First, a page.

THIS MONTH’S PUZZLER
Our corporate engineering department can’t agree on how to deal with the wastewater at our new beet sugar plant. The flow averages about 1,600 gpm and peaks at about 2,400 gpm. We also have to consider rainwater, namely, a once-in-10-yr flood event of 16-in./hr. Our current plan is to use a flocculant in a clarifier to eliminate the dissolved solids that discolor the water. However, both the flocculant vendor and the clarifier manufacturer say we must ensure the clarifier feed won’t contain any suspended solids.
The production manager insists we need a centrifuge but dismisses bench tests as useless for predicting the operation of full-scale equipment. One centrifuge maker wants to rent several units to us on a trial basis.
However, the project manager and process manager both want to test the samples on a bench scale.
Our problem is becoming urgent. The city water-treatment works where the wastewater goes is tired of our brown tea and sludge. It claims that ultraviolet light can’t sanitize our water because of its cloudiness. They’ve already cited us once. Maybe, we have three months before we are cut off.
Our supplier of boiler chemicals agreed to send several samples to its lab in Houston to evaluate the flocculant. That’s 1,000 miles away! Unfortunately, I discovered the pH had to be neutralized to ship the samples; I think this ruined the tests.
What do you think we should do?
The politics of this situation are unnerving to most young engineers. We’re always taught that reason is more powerful than position in an organization.
You should test the equipment on-site because the water properties will change, even if stored in a sealed container. The contamination of the samples with base affects the flocculant trials the chemical supplier will run. In addition, any suggestion that someone could duplicate the chemical makeup of the water either by re-acidifying the sample or recreating the water properties is plain silly.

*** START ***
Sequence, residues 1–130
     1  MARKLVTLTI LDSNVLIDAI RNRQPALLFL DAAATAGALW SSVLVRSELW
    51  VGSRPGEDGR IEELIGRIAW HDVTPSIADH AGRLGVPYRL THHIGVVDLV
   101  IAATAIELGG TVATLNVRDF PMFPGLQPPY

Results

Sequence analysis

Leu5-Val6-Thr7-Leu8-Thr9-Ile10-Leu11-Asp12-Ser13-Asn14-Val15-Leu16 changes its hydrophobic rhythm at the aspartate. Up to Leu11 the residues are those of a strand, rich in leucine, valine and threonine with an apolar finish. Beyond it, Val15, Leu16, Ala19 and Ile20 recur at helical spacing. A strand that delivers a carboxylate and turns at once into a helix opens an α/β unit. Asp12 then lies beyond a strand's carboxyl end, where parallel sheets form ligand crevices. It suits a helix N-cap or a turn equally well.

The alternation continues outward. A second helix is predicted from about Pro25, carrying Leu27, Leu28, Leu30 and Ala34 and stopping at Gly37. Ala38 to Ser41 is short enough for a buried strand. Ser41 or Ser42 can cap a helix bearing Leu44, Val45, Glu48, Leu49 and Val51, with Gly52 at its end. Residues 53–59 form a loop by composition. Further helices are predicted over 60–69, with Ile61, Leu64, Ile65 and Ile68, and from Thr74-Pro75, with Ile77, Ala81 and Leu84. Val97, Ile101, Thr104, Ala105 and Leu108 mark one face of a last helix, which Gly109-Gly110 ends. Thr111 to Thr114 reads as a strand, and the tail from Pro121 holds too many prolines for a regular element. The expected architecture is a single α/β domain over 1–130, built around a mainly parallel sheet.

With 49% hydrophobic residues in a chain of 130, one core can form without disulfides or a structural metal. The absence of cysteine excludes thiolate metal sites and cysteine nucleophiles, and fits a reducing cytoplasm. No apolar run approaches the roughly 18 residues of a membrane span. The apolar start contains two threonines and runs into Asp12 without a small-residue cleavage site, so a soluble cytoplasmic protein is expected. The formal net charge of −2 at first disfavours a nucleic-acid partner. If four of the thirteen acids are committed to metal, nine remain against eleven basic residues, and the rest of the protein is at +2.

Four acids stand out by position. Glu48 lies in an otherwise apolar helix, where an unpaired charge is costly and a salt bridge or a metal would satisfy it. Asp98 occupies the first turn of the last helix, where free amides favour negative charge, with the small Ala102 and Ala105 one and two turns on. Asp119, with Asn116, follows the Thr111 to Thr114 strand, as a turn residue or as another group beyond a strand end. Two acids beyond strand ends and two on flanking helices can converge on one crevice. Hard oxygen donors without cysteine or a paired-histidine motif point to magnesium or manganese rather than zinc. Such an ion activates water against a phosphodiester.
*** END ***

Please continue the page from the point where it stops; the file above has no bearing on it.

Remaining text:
While bench tests offer an optimistic perspective on the unit performance, doing a full-scale test seems suicidal. I’d be wary of this equipment supplier; it seems to be pandering too directly to production.
One effective approach for solving this problem is to treat a side stream of the flow. This allows you to test and reject ideas without disrupting production. In addition, testing can reveal hidden problems you can’t test easily in a lab.
If you can’t readily rent the equipment for side-stream testing, bench testing is a good option for getting a handle on a problem. You can test your flocculant and unit operations in the lab. This will be more expensive than sending samples to Houston but will permit you to bench test other operations in your plant.
The production manager’s insistence on a centrifuge would lead to a costly purchase. A centrifuge capable of handling 1,600–2,400 gpm would be extremely expensive. So, first consider a poor man’s centrifuge, i.e., a hydrocyclone. Finding a hydrocylcone in that range will be difficult but will provide a far less expensive option: it will probably be a bank of units.
Also, a centrifuge would require a prefilter to protect it from large debris, such as pulp, straw and even small stones. A hydrocyclone will effectively remove silt (<1 micron), sand (100 microns) and even other debris that isn’t too large. This could result in too much flushing of the solids to the collection pot.
One option to consider during the bench tests is injecting the flocculant in a mix tank or static mixer upstream of the hydroclone and clarifier. Duplicating residence time in a bench test will be difficult, so you’ll have to make estimates and extrapolate to the production scale.
The greatest danger in bench testing is considering ideas that, when extended to the full-scale, present insurmountable technical challenges or extreme costs. Vendors are little help here. It’s no hole in their wallet if you spend a million dollars when you could have spent a thousand.
Dirk Willard, consultant
We are investigating whether we can increase our refinery capacity by about 15%. I’ve been told not to worry too much about the vent system. However, I have some concerns, especially because all the pressure safety valves (PSVs) are conventional and some of the scenarios I am looking at involve more mixed-phase flow (see Figure 1). A model of the vent shows that all PSVs have backpressure ratios less than 10%, although valve 2 is close at about 9%. Also, some of the steam heat tracing and the insulation on the vent to the knockout drums haven’t been inspected in some time. Should we be concerned?
Send us your comments, suggestions or solutions for this question by December 8, 2017. We’ll include as many of them as possible in the January 2018 issue and all on ChemicalProcessing.com. Send visuals — a sketch is fine. E-mail us at ProcessPuzzler@putman.net or mail to Process Puzzler, Chemical Processing, 1501 E. Woodfield Rd., Suite 400N, Schaumburg, IL 60173. Fax: (630) 467-1120. Please include your name, title, location and company affiliation in the response.
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